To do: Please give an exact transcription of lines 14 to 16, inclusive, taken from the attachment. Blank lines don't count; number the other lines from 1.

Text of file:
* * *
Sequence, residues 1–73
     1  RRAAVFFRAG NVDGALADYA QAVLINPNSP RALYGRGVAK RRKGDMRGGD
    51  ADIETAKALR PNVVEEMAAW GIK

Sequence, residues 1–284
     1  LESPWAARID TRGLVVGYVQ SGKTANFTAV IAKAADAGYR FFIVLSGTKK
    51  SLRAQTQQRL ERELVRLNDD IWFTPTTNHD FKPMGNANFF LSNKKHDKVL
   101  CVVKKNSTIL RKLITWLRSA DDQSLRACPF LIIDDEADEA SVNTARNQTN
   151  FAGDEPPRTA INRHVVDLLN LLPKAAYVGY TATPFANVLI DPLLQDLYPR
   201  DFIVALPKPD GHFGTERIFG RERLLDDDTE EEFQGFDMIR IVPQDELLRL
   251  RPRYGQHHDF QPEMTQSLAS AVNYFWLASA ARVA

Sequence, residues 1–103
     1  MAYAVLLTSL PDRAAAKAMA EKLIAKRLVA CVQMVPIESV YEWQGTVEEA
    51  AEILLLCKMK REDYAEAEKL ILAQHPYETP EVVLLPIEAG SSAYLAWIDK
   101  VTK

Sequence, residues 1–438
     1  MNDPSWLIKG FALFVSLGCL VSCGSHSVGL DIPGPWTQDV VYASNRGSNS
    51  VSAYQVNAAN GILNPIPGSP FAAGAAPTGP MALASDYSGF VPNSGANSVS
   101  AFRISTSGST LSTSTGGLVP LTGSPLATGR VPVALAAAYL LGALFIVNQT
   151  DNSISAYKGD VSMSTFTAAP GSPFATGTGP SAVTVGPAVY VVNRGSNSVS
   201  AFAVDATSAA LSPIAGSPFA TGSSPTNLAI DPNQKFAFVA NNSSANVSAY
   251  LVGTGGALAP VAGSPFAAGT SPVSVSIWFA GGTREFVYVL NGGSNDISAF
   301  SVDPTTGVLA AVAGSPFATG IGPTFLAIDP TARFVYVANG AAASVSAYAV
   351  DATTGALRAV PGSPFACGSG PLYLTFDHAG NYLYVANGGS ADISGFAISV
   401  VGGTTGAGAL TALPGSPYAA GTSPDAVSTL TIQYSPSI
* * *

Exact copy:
   101  VTK

Sequence, residues 1–438
     1  MNDPSWLIKG FALFVSLGCL VSCGSHSVGL DIPGPWTQDV VYASNRGSNS